Posted: Tuesday, March 6, 2012
Article comment by: John Armstrong

Ok, KUSD needs to cut or raise about $4 million to balance its budget. And the Dolen Springs community wants to keep Mt. Tipton a K-12 school. Two logical sides with no extreme ideas here.

There is a solution for both sides: The Dolen Springs community seek out a for-profit charter school organization to buy Mt. Tipton (building, land, some buses, equipment) from KUSD for $4 million.

So the school stays the way it is and KUSD gets to balance its budget.

Posted: Tuesday, March 6, 2012
Article comment by: concerned citizen

I've got some news for everyone. We already transport students from White Hills and Dolan Springs, and the longest ride is 2 hours.

Some students car pool with others or with their parents. In today's economy, we can't afford to pay double the amount per student, unless everybody wants to pay more in taxes! Anybody want to volunteer for that???

Posted: Tuesday, March 6, 2012
Article comment by: Jim Consolato

OK Groucho Bill Goodale, lets see if you can get both feet in your mouth today. You are way over your head which is someplace I can't describe. Good luck to all concerned in dealing with the balance of finance and the education of our children. These children and young adults are the future of our country.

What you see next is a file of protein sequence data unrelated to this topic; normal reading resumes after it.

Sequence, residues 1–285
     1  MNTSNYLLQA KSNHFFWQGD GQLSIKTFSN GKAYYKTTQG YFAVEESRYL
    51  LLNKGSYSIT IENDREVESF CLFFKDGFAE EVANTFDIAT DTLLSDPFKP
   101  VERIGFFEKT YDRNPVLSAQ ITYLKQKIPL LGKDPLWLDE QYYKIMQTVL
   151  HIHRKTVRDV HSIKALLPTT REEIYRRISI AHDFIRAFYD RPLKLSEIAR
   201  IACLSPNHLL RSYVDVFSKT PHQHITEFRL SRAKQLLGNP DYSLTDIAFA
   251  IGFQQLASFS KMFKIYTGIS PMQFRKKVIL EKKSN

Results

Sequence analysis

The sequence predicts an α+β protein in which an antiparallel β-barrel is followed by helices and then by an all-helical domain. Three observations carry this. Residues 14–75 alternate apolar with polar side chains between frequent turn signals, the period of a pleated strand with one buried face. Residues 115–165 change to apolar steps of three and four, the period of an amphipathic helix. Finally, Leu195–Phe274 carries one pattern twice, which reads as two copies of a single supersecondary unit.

Posted: Tuesday, March 6, 2012
Article comment by: Butch Meriwether

How about the 2 to 4 hours bus rides some of the kids will have to endure? White Hills and Meadview are a very long way from Kingman. Oops, I guess everyone forgot about that. Just because the establishment can’t do their job properly (utilize funds the right way and not waste them on such pet projects as a new high school in Kingman) or take care of our children, many say to the parents, “Why not home school them.” As typical, the school district would like that suggestion because it relieves them of the responsibility of educating our kids and paying for a very long bus ride for them. The decision to bus the students to Kingman may reflect heavily upon individuals who currently have or may have in the future political aspirations. Do as the residents want, not what a self-serving school baord wants. Think of the children.